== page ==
# ⓘ Cichons diagram. In set theory, Cichons diagram or Cichons diagram is a table of 10 infinite cardinal numbers related to the set theory of the reals displaying ..

## ⓘ Cichons diagram

In set theory, Cichons diagram or Cichons diagram is a table of 10 infinite cardinal numbers related to the set theory of the reals displaying the provable relations between these cardinal characteristics of the continuum. All these cardinals are greater than or equal to ℵ 1 {\displaystyle \aleph _{1}}, the smallest uncountable cardinal, and they are bounded above by 2 ℵ 0 {\displaystyle 2^{\aleph _{0}}}, the cardinality of the continuum. Four cardinals describe properties of the ideal of sets of measure zero; four more describe the corresponding properties of the ideal of meager sets.

## 1. Definitions

Let I be an ideal of a fixed infinite set X, containing all finite subsets of X. We define the following "cardinal coefficients" of I:

• add ⁡ I = min { | A |: A ⊆ I ∧ ⋃ A ∉ I }. {\displaystyle \operatorname {add} I=\min\{|{\mathcal {A}}|:{\mathcal {A}}\subseteq I\wedge \bigcup {\mathcal {A}}\notin I{\big \}}.}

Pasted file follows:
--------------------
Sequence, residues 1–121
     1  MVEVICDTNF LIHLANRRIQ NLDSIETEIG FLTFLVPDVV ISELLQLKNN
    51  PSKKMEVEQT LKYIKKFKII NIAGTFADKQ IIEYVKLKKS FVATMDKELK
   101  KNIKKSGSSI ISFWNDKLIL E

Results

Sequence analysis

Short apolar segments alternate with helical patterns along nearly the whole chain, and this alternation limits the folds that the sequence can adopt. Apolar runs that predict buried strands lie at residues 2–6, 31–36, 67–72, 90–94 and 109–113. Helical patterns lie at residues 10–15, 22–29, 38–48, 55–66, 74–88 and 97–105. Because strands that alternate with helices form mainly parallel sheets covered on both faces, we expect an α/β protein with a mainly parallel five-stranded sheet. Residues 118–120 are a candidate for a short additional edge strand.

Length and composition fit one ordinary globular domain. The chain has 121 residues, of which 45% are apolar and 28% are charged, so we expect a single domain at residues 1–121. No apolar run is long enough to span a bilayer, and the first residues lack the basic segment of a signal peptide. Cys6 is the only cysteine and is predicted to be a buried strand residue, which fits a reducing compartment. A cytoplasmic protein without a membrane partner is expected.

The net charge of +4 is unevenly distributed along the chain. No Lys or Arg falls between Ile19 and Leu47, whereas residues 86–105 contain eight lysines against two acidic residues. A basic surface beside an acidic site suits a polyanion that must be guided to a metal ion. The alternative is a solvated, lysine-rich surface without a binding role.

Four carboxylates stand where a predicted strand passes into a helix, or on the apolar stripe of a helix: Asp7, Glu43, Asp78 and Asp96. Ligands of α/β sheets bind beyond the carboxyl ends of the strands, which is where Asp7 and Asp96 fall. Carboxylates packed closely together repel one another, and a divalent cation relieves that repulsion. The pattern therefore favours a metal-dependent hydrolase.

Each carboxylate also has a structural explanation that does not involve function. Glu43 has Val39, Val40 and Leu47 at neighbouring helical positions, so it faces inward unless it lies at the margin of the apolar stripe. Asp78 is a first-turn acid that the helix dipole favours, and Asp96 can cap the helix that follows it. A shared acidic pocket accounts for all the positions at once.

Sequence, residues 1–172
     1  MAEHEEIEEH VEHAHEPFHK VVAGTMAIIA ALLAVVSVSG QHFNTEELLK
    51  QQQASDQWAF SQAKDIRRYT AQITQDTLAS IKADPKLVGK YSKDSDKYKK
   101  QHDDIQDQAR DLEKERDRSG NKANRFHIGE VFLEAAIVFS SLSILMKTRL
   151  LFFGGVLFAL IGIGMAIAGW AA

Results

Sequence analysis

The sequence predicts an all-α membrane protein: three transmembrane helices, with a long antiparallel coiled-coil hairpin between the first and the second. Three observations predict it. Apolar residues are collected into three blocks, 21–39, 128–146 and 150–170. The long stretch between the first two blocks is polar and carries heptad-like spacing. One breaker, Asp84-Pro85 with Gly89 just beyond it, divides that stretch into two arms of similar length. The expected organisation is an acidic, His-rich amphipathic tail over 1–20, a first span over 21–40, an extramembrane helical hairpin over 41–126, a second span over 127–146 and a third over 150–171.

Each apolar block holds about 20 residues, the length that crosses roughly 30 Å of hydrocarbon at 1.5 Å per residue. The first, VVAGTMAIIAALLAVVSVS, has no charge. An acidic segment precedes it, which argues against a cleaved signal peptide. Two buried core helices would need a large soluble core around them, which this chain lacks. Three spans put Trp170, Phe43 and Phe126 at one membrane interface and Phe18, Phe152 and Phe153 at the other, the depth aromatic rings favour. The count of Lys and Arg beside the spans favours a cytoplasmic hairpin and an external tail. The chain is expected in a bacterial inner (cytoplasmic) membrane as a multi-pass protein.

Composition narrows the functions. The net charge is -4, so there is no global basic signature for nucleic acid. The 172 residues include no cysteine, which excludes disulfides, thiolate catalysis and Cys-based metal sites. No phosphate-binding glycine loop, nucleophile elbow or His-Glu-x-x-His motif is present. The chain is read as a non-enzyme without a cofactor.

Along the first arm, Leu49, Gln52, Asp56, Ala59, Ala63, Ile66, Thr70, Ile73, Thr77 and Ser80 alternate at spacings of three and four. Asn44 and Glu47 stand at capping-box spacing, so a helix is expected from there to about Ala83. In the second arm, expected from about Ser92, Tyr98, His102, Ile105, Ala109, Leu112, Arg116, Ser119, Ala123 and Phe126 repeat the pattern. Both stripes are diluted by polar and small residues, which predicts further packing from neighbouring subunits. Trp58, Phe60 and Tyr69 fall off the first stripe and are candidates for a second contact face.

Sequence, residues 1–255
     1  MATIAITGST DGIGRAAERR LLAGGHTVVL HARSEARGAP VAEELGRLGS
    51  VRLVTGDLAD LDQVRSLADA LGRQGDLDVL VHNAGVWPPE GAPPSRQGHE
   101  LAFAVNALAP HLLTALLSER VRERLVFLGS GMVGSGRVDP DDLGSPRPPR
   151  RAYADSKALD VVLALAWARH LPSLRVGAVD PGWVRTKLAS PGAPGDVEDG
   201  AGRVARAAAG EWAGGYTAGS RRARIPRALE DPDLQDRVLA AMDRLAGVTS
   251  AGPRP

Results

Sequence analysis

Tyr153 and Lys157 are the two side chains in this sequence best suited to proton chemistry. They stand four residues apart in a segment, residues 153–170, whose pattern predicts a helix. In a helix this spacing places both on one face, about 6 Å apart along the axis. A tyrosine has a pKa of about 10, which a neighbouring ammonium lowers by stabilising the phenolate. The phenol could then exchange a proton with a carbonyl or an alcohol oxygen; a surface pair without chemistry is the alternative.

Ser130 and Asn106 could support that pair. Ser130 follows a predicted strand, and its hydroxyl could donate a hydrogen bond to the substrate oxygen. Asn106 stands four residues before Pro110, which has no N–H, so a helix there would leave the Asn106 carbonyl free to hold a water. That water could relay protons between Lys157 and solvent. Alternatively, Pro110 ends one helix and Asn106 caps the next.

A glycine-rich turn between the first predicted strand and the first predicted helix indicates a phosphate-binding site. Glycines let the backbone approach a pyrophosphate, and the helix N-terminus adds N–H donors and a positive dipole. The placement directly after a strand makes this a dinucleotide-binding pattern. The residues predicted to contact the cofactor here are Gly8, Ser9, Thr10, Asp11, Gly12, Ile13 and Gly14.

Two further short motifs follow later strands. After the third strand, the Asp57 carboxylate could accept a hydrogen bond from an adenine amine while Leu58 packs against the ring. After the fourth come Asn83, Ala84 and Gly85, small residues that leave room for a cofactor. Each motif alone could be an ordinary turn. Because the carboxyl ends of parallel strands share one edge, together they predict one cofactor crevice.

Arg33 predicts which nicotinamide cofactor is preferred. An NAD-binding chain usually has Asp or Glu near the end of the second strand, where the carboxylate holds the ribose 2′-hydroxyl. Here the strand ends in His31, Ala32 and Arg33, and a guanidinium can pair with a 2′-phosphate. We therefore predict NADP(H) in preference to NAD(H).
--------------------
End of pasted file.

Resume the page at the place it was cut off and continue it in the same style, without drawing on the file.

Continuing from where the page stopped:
The "additivity" of I is the smallest number of sets from I whose union is not in I any more. As any ideal is closed under finite unions, this number is always at least ℵ 0 {\displaystyle \aleph _{0}} ; if I is a σ-ideal, then addI ≥ ℵ 1 {\displaystyle \aleph _{1}}.
• cov ⁡ I = min { | A |: A ⊆ I ∧ ⋃ A = X }. {\displaystyle \operatorname {cov} I=\min\{|{\mathcal {A}}|:{\mathcal {A}}\subseteq I\wedge \bigcup {\mathcal {A}}=X{\big \}}.}
The "covering number" of I is the smallest number of sets from I whose union is all of X. As X itself is not in I, we must have addI ≤ covI.
• non ⁡ I = min { | A |: A ⊆ X ∧ A ∉ I }, {\displaystyle \operatorname {non} I=\min\{|A|:A\subseteq X\ \wedge \ A\notin I{\big \}},}
The "uniformity number" of I sometimes also written unif ⁡ I {\displaystyle \operatorname {unif} I}) is the size of the smallest set not in I. By our assumption on I, addI ≤ nonI.
• cof ⁡ I = min { | B |: B ⊆ I ∧ ∀ A ∈ I ∃ B ∈ B A ⊆ B }. {\displaystyle \operatorname {cof} I=\min\{|{\mathcal {B}}|:{\mathcal {B}}\subseteq I\wedge \forall A\in I\exists B\in {\mathcal {B}}A\subseteq B{\big \}}.}
The "cofinality" of I is the cofinality of the partial order I, ⊆. It is easy to see that we must have nonI ≤ cofI and covI ≤ cofI.

Furthermore, the "bounding number" or "unboundedness number" b {\displaystyle {\mathfrak {b}}} and the "dominating number" d {\displaystyle {\mathfrak {d}}} are defined as follows:

• b = min { | F |: F ⊆ N ∧ ∀ g ∈ N ∃ f ∈ F ∃ ∞ n ∈ N g n < f n) }, {\displaystyle {\mathfrak {b}}=\min {\big \{}|F|:F\subseteq {\mathbb {N} }^{\mathbb {N} }\ \wedge \ \forall g\in {\mathbb {N} }^{\mathbb {N} }\exists f\in F\exists ^{\infty }n\in {\mathbb {N} }gn

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